The man says, “You don’t look so good. You okay?”
Jason replies, “Yeah.”
“You sure?”

Jason sighs with relief as the man leaves on the fourth floor. He looks at his watch, eight minutes and ten seconds left. He rushes out of the elevator as it reaches the first floor, pushing past several well-attired businessmen and a few rough-looking engineers. The small group looks after him as he darts around the corner. He looks around, and spots what he was looking for: a fire-alarm. He pulls it and starts running towards the front exit. He knows the assembly lines and computers would shut down, and the building would be evacuated. He would never actually kill someone. Jason sprints towards the exit, being joined by a panicking horde of office workers. He glances at his watch as he gets outside. Six minutes left.


Five minutes later, the large crowd that was formed of the evacuees was getting restless. Several line workers were loudly wondering if they got overtime pay for the time they wasted, while administration workers were complaining about missed appointments. Jason worriedly glanced at his watch. Less then thirty seconds left. As he eagerly watched the building, a hand clasps his shoulder. Jason spins around, startled. A kind looking man is holding out a wallet and smiling calmly. A card labelled with ‘Sergeant-Johnson’ is next to a gleaming police badge. The undercover cop says, “Mark Johnson, with the Arson Unit. Mr. Larson, we have a few questions that we’d like answered-”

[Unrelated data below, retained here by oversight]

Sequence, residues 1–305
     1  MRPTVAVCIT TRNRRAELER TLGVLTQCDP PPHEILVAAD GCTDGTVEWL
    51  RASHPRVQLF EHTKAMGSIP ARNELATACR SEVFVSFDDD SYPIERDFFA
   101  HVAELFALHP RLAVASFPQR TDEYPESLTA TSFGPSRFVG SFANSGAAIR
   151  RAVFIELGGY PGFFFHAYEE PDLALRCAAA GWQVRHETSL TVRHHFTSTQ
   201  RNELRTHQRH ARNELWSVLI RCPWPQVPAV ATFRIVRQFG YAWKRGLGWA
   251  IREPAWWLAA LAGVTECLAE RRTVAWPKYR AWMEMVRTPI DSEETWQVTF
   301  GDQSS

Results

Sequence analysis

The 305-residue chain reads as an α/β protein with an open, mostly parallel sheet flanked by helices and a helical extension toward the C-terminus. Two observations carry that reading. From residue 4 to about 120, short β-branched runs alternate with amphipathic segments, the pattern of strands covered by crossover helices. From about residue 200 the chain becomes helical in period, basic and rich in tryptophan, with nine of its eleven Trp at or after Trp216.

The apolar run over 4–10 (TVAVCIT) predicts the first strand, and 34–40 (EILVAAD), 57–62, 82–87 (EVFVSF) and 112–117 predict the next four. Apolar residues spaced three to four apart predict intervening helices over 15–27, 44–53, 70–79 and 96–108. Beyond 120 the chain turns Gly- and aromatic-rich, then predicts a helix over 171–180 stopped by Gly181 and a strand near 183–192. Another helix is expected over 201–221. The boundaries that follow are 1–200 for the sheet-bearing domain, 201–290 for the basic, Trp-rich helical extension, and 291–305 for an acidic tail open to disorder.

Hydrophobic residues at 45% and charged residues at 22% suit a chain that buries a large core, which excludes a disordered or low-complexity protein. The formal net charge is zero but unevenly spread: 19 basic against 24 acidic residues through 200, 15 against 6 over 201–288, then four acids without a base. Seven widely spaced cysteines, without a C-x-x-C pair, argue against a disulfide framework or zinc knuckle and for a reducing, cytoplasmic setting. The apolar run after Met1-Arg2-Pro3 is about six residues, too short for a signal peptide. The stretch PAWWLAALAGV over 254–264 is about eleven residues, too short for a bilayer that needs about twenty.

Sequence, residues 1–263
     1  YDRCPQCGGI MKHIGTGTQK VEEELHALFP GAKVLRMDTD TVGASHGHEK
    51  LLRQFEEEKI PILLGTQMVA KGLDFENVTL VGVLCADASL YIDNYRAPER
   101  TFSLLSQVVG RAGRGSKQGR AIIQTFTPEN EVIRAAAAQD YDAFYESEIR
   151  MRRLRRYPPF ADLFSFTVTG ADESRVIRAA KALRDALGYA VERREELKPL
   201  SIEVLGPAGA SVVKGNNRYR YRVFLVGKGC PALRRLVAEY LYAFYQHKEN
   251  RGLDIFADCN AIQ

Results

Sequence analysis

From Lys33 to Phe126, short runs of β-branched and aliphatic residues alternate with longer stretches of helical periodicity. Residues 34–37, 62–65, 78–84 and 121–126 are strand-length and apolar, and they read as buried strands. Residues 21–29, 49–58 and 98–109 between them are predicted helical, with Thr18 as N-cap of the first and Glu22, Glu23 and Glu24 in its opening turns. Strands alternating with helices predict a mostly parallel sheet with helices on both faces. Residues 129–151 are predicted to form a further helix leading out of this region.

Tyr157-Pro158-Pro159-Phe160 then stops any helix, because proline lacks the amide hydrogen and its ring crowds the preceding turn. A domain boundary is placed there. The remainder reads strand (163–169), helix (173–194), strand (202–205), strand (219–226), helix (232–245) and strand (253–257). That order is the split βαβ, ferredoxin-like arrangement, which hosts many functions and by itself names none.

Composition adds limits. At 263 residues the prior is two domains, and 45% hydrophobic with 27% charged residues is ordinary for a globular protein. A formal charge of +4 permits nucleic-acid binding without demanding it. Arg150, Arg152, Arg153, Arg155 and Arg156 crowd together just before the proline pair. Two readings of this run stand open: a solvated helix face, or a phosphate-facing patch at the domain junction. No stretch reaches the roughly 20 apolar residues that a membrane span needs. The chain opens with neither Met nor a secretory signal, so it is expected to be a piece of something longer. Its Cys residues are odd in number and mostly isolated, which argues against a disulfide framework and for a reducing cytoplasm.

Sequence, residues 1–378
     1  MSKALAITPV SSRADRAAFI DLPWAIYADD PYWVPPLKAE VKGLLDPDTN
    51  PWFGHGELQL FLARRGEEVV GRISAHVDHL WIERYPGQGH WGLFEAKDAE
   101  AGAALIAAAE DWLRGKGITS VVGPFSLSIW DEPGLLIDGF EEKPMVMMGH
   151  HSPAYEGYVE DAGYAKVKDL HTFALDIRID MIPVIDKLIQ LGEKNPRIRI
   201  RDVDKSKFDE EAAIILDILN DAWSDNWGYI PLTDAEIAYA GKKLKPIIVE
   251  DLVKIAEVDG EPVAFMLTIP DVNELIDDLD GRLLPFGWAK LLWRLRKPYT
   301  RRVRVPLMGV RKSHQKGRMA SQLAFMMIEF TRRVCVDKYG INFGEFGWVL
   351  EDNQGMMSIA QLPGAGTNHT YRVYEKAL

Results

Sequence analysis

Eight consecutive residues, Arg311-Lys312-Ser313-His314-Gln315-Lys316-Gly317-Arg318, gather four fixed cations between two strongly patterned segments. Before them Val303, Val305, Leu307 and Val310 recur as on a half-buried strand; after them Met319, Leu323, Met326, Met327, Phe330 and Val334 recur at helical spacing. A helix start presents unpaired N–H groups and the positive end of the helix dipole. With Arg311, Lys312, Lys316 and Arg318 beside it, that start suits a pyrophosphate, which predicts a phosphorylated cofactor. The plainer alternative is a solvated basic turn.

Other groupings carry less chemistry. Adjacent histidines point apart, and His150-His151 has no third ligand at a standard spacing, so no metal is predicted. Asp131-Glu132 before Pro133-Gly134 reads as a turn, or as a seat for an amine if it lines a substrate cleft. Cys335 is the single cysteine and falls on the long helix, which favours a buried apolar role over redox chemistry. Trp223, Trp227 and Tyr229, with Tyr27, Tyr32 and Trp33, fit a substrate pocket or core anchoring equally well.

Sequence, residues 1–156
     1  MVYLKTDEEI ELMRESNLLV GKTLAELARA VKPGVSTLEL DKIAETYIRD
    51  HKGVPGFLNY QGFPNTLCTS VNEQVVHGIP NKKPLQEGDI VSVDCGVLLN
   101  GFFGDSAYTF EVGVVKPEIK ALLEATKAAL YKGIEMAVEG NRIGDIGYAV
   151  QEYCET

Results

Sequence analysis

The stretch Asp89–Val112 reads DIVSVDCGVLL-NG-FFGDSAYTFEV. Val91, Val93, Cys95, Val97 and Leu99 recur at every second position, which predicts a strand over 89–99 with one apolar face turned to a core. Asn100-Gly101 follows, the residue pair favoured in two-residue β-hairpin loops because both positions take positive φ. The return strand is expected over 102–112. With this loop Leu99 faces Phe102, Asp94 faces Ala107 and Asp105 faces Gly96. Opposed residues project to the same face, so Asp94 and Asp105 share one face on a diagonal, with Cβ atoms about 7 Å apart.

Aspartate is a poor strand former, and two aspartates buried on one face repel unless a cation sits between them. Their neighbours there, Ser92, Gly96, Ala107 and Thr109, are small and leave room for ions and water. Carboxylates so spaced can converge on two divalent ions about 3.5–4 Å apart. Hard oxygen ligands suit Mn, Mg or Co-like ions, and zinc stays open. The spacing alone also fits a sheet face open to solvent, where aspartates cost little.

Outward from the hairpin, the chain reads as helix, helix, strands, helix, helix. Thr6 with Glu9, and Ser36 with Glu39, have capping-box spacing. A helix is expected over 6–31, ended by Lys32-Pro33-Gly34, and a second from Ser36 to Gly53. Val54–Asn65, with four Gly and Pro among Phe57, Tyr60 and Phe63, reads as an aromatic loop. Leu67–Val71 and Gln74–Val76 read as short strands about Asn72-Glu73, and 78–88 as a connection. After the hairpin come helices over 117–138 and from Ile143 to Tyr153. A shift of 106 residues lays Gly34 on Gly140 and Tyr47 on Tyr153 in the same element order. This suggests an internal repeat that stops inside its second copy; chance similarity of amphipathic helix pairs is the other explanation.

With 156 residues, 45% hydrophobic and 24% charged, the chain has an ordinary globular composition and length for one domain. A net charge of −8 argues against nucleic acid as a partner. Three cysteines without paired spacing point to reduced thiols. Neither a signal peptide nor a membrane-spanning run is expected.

The building explodes in a cataclysmic explosion of fire, spraying debris into the crowd. Several people scream, and the crowd lurches away from the building as fast as possible. Jason decides to run with them, but before he can do so, he is tackled by three more undercover cops. His head slams into the pavement. His head feels dizzy, but he can still feel his arms being handcuffed. Jason sighs as debris rains down and the pillar of fire slowly begins to diminish.


Jason Larson was sentenced to twenty years in prison for five charges of arson, destruction of personal property, possession of illegal materials, multiple charges related to debris wounds, and resisting arrest. He begged temporary insanity, but it was not granted. The media covered his case, and wrote him off as another insane arsonist. Their coverage matched the attitude. The police had searched his filthy apartment before the trial and found twelve more charges…

Jason’s closing statement in the case was, “I don’t know what came over me. I would’ve never harmed anyone, I swear…”

He was unavailable for interview, which isn’t good, because I woke up last night smelling like gas. The news is covering a massive fire which consumed multiple beach houses, and I can’t recall where I was last night. The voices in my head aren’t my own…

PC Games / Nationstates 2
« on: November 05, 2008, 05:43:41 pm »
The sequel to the original Nationstates, which was a fun little nation manager, not much player interaction, but amusing to see your decision's affects. It's based off a book, I believe. The first game is quite popular, and the developer recently released the public beta of the sequel.

I joined up and made an alliance for GamingSteve. Unfortunately, war between nations has not been implemented yet(:() but trade and diplomacy are.

My nation is located here: